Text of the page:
GA: "They vary from privacy to STARK violations and others. For example, if you're a physician and have an administrator scheduling appointments for patients and you accidently set the calendar for public viewing without being aware of it, you're in violation of privacy regulations. Under the STARK law, if you're a physician and have ownership in a diagnostic facility and you refer patients to that facility, you're required to let your patients know about your ownership and provide them with a list of choices. If you don't you're in violation. The audits being done to look for improper billing may end up leaving a provider with a HIPAA or other violation. All of these activities are putting healthcare providers in a perilous position where they can get hit with allegations of improper violations, and they never see it coming. It's a residual effect."
AG: What other issues are healthcare providers facing that open them up to exposures?
GA: "The healthcare industry is in the midst of transitioning to electronic medical records, as mandated by law. The industry is also having to convert from using International Classification of Diseases (ICD) Version 9 to Version 10. The United States is the last developed country in the world using an old billing system (ICD 9) and undergoing the conversion to ICD 10 is not a simple one-to-one conversion. So, our healthcare system, in the middle of having to deal with electronic records and billing audits, is now also coping with an upcoming conversion from using 15,000 codes under which to bill, to a new system with over 155,000 codes under ICD Version 10. The likelihood of making billing mistakes will skyrocket.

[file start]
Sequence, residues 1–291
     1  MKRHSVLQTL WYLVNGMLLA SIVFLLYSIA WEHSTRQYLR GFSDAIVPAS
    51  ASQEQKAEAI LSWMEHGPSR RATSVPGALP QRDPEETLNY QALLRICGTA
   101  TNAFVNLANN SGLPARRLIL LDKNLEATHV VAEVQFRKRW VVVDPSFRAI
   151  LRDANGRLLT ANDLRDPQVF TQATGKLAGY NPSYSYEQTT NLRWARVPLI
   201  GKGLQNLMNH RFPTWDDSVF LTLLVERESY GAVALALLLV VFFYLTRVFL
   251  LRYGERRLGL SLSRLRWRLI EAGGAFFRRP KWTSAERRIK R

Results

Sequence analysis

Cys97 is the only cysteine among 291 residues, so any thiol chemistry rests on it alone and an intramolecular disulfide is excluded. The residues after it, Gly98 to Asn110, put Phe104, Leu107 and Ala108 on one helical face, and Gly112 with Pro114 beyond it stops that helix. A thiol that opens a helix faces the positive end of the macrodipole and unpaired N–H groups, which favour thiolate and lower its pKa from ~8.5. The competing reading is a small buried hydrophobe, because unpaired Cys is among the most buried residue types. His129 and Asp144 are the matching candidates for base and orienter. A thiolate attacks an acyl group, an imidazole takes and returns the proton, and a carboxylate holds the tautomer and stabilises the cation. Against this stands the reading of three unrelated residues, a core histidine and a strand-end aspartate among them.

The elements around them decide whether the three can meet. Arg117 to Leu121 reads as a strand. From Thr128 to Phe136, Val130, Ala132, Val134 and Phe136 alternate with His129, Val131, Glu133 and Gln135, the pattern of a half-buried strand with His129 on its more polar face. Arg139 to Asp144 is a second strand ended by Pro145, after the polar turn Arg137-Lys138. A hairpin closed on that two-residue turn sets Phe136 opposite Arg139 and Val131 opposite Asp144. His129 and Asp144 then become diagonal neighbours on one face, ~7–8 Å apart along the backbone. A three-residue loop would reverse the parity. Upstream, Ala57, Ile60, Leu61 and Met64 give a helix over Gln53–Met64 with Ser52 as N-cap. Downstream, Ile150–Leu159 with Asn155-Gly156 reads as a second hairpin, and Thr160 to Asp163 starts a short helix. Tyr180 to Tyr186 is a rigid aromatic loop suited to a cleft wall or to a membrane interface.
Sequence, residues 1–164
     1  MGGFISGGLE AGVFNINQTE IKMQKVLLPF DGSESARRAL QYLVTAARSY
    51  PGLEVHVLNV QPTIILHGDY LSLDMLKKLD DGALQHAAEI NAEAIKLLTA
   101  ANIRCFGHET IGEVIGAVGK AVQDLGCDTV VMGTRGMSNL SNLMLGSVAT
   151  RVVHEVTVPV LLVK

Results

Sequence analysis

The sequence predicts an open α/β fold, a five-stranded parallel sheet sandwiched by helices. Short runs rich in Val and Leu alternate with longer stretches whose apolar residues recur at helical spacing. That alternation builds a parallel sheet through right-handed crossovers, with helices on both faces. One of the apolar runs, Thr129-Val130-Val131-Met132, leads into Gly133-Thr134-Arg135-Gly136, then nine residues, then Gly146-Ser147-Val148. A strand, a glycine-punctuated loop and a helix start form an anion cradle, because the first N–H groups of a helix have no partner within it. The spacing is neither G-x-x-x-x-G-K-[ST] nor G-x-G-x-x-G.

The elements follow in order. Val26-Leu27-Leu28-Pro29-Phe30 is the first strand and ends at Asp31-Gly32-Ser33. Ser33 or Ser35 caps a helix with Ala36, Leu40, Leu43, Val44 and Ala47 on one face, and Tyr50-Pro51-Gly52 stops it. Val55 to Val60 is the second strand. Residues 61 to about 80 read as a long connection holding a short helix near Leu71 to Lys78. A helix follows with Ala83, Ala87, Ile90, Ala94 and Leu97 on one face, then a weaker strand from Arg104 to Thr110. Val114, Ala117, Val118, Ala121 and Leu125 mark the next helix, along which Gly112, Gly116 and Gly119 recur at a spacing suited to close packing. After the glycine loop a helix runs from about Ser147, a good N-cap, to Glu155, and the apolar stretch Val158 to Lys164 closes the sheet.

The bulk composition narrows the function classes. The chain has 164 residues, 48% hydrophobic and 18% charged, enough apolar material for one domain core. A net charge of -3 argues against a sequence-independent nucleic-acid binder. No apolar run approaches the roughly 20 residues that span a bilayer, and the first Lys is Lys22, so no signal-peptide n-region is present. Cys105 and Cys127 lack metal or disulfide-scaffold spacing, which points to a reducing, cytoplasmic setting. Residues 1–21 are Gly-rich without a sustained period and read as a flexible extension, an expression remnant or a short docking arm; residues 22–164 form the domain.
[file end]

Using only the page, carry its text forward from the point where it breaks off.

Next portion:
"What's more, physicians are also performing new administrative services in order to shore up their declining revenues and these services may require E&O independent of conventional medical malpractice. These services include Independent Medical Evaluations, Expert Witness, Patient Advocacy, etc. On the entity side, there is ACO E&O. NAS is at the forefront of providing solutions in these areas."
AG: Do providers fight the allegations against them?
GA: "It's a very expensive and long process, so most of the time no. About 7% appeal with the rest paying the amounts for improper billing. Providers are unaware that the likelihood is 70% of the time you can win when you appeal the allegations made against you.
"Once the government audit is done, you'll get notified of the alleged violation. From the date of the notice, you have 30 to 60 days to respond. You have to decide whether you will defend yourself or pay the violation. But when you have an allegation against you by the government, you normally don't know where to go. The first thing you need to do is make sure you have individuals working with you that know how to appeal the government. You can end up going through a five-step appeals process that can take up to 24 months and cost significant money, especially if you don't have insurance coverage."
AG: What type of coverage does NAS make available and is it expensive?
GA: "Our MEDEFENSE PLUSTM product provides coverage for defense costs and civil fines and penalties coverage for billing errors, HIPAA, EMTALA, and STARK proceedings. Coverage is provided for anyone that has national provider number - hospitals, medical groups, surgical groups, home healthcare groups, nursing home facilities - and billing Medicaid/Medicare and network providers. You're also seeing audits done by commercial payors (such as HealthNet, Aetna, Blue Shield, etc.), wanting to ensure agreements are being properly followed.
"Coverage is not expensive. For a single physician, for $1 million of MEDEFENSE PLUSTM with a $1,000 deductible, you're looking at a premium of $1,500. The maximum coverage is $10 million. The program is with Lloyd's of London, available nationally, and on an open-access basis.
"We created the product about 25 years ago primarily for medical board procedure coverage and it evolved into what it provides today. We're the first in this space, specializing in this market, and continue to lead the market with this product."